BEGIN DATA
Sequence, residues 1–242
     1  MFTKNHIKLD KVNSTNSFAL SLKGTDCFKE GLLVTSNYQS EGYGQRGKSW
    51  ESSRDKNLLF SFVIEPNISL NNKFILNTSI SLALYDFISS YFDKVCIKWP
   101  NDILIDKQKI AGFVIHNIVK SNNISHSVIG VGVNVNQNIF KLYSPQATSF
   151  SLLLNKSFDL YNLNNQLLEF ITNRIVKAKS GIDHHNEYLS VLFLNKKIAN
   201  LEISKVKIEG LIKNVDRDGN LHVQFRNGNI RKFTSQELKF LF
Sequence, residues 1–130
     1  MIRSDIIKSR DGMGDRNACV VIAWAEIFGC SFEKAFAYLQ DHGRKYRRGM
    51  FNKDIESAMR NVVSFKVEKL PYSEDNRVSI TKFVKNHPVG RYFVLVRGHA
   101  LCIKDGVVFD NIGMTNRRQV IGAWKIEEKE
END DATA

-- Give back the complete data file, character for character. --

Sequence, residues 1–242
     1  MFTKNHIKLD KVNSTNSFAL SLKGTDCFKE GLLVTSNYQS EGYGQRGKSW
    51  ESSRDKNLLF SFVIEPNISL NNKFILNTSI SLALYDFISS YFDKVCIKWP
   101  NDILIDKQKI AGFVIHNIVK SNNISHSVIG VGVNVNQNIF KLYSPQATSF
   151  SLLLNKSFDL YNLNNQLLEF ITNRIVKAKS GIDHHNEYLS VLFLNKKIAN
   201  LEISKVKIEG LIKNVDRDGN LHVQFRNGNI RKFTSQELKF LF
Sequence, residues 1–130
     1  MIRSDIIKSR DGMGDRNACV VIAWAEIFGC SFEKAFAYLQ DHGRKYRRGM
    51  FNKDIESAMR NVVSFKVEKL PYSEDNRVSI TKFVKNHPVG RYFVLVRGHA
   101  LCIKDGVVFD NIGMTNRRQV IGAWKIEEKE